A California judge on Friday granted final approval to a deal requiring the owner of Bare Elegance Gentlemen’s Club to pay $500,000 over claims by 443 exotic dancers that the club had illegally videotaped them and taken their tips, in violation of state labor laws.
A California appellate panel Thursday bolstered the Federal Arbitration Act's preemption in the Golden State, finding the U.S. Supreme Court's Concepcion decision and the state high court's Iskanian ruling defeat a judge's reliance on the Broughton-Cruz rule to deny Citibank NA's bid to arbitrate an insurance consumer class' injunctive-relief claims.
An attorney on Thursday hit Denver, Colorado-based law firm Sherman & Howard LLC with a sexual discrimination lawsuit in a Colorado federal court, accusing her former employer of subjecting her to a hostile work environment that included repeated sexual harassment from a former partner.
Religious organizations affiliated with the Catholic Church have asked the U.S. Supreme Court to weigh in on their challenge to an Affordable Care Act mandate that stipulates they fill out paperwork before being excused from providing birth control to their employees.
Chipotle Mexican Grill Inc. must turn over attorney-client communications because it did not meet a “good-faith” compliance requirement under federal labor law, a New York federal magistrate judge ruled on Thursday in a collective action brought by employees who allege the chain misclassified them as overtime-exempt executives.
A New York state judge has approved a $1.85 million settlement between MetroPCS Wireless Inc. and account services representatives who accused the telecom of failing to pay them overtime wages, resolving New York and California labor law claims claims remaining from a federal collective action.
A shipyards products manufacturer is asking the U.S. Supreme Court to reverse a Fourth Circuit decision keeping an asbestos suit in state court, arguing that the company has been improperly denied its right to a federal forum to pursue its government contractor defense.
The American Civil Liberties Union urged a West Virginia federal judge Thursday to lift a sweeping gag order in the criminal case of former Massey Coal Co. CEO Don Blankenship in connection with 29 miner deaths, saying in a sealed document that the order flies in the face of the Supreme Court's absolute prohibition of prior restraint under the First Amendment.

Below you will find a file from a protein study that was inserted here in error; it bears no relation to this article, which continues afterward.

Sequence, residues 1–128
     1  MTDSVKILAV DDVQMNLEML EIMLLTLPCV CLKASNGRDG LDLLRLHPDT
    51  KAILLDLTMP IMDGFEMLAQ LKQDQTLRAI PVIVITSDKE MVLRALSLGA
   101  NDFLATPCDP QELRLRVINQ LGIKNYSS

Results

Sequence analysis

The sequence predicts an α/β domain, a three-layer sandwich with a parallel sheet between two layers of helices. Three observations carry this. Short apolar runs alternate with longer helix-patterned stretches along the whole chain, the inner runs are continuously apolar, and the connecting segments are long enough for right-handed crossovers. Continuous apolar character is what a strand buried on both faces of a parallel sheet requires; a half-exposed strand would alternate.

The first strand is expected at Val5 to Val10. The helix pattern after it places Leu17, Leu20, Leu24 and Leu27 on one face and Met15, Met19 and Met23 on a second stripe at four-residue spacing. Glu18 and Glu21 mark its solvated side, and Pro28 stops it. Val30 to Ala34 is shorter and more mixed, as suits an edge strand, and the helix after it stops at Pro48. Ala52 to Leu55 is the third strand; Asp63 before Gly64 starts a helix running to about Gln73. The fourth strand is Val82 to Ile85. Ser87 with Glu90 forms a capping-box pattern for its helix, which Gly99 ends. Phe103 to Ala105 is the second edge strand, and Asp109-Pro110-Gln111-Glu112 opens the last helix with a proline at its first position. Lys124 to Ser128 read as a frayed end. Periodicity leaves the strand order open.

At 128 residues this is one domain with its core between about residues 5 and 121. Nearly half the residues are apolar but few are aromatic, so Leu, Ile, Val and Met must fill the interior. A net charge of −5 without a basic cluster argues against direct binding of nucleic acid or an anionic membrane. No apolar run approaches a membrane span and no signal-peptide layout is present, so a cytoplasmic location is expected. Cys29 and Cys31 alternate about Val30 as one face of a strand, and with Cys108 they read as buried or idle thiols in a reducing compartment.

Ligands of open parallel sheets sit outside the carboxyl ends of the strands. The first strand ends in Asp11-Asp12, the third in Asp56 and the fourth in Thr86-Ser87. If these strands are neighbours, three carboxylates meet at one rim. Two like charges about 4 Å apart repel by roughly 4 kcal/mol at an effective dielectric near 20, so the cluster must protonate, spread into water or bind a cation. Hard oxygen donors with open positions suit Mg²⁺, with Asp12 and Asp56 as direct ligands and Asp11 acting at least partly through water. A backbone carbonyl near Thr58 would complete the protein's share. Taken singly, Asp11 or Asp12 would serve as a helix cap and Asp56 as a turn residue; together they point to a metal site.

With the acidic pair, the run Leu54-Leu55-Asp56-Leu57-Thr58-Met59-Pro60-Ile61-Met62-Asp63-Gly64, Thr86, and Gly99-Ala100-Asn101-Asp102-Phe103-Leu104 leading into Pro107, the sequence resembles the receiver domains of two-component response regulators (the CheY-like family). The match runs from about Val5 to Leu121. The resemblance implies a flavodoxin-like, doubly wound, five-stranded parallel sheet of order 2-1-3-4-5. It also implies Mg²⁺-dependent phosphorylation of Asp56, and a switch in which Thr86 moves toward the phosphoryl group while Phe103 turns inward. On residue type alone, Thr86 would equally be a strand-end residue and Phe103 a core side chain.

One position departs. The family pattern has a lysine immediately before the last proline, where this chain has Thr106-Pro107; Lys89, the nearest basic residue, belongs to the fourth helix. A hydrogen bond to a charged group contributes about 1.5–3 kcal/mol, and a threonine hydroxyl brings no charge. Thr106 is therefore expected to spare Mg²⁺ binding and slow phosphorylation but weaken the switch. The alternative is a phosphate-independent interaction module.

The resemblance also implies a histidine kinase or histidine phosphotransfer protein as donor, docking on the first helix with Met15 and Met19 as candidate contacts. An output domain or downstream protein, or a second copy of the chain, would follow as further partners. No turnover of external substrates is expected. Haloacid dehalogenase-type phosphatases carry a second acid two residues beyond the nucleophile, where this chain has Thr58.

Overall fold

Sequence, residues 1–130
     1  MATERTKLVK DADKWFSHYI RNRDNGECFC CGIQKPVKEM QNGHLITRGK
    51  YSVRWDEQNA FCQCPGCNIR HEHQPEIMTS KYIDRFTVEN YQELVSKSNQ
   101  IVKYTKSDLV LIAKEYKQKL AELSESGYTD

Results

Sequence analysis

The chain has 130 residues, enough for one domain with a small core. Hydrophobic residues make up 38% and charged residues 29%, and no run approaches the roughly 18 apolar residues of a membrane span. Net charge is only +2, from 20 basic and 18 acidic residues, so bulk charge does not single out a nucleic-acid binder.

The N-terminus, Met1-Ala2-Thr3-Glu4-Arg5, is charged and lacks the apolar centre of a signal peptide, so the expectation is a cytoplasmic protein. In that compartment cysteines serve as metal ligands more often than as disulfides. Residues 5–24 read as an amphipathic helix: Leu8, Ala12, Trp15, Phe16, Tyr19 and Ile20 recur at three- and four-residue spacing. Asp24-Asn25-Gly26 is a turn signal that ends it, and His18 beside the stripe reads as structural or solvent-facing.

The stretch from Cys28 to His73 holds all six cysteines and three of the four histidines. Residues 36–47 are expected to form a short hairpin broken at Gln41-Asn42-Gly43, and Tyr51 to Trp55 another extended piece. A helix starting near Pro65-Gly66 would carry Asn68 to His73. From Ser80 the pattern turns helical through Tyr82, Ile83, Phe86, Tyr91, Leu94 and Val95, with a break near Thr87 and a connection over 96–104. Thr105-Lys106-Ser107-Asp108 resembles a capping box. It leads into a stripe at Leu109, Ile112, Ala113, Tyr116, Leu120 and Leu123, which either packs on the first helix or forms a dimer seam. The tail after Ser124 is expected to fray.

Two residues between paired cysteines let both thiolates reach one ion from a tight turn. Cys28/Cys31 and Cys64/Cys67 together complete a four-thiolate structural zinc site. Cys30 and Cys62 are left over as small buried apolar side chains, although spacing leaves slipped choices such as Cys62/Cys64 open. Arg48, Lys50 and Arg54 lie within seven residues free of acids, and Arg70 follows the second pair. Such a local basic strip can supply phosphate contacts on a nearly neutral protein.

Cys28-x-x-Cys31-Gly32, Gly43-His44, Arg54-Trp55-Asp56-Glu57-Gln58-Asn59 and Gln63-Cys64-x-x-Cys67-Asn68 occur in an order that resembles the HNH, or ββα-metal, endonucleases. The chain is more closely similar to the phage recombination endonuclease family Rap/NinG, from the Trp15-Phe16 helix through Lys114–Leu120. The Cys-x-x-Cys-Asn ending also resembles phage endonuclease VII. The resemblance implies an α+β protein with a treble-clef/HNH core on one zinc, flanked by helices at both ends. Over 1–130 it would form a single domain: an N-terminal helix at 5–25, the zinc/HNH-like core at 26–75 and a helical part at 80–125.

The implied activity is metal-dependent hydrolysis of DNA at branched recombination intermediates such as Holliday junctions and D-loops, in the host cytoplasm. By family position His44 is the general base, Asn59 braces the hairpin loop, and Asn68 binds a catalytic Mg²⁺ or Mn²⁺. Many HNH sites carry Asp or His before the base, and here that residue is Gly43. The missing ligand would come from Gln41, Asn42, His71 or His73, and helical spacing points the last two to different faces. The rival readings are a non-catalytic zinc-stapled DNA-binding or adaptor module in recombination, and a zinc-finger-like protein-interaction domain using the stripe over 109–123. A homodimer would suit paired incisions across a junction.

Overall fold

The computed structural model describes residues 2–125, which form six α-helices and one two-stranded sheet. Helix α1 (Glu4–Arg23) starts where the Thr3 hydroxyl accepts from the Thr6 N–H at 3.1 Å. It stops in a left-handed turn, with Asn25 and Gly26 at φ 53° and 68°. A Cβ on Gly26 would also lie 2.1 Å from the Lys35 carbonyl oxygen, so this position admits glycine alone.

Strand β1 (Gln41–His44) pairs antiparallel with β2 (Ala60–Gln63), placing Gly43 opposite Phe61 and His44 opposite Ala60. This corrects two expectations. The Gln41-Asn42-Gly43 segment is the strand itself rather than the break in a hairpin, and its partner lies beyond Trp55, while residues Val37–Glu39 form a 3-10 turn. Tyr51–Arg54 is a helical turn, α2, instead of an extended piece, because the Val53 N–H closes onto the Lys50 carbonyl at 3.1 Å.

The Texas Supreme Court missed an opportunity to bring “clarity and uniformity” to free speech law in the digital age by declining to review a defamation suit filed against a Houston-area service employees union, Justice Don Willett wrote in a dissenting opinion that quoted the film "Ferris Bueller's Day Off."
The National Labor Relations Board said Friday it has issued complaints targeting both McDonald's USA LLC and McDonald's franchisees over labor law violations, alleging that the "joint employers" violated the rights of workers who took steps to try to improve their working conditions that included participation in nationwide protests.
The New Jersey General Assembly on Thursday approved a resolution to lobby the federal government for a grant to assist former Atlantic City casino workers displaced by the closure of casinos, money that would be used to offer workforce education and training.
A California federal judge Thursday limited the scope of a first-phase jury verdict finding pipe maker J-M Manufacturing Co. Inc. liable for damages in a whistleblower False Claims Act suit over substandard plastic pipe used in water and sewer systems, saying the verdict applies only to five exemplar plaintiffs.
A former intern for sports marketing giant IMG Worldwide LLC on Thursday filed the latest in a series of putative class actions in New York court that accuse companies of not paying their interns minimum wage for work that doesn't qualify as education or training.
The government can now bring claims against employers on behalf of workers who say they’ve been discriminated against because they are transgender, according to a memo released by the U.S. Department of Justice on Thursday.
Sony Pictures Entertainment Inc. is facing two more putative class actions from employees whose personal information was leaked as part of a massive hack directed at the movie studio over its comedy “The Interview,” about a plot to kill North Korea's Kim Jong Un.
A D.C. federal judge on Wednesday rejected Kellogg Brown & Root Services Inc.’s "old arguments" that attorney-client privilege protected its business-conduct documents from being compelled by a whistleblower alleging kickback activity in Iraq, but limited the whistleblower’s access to witness statements from KBR’s internal monitoring.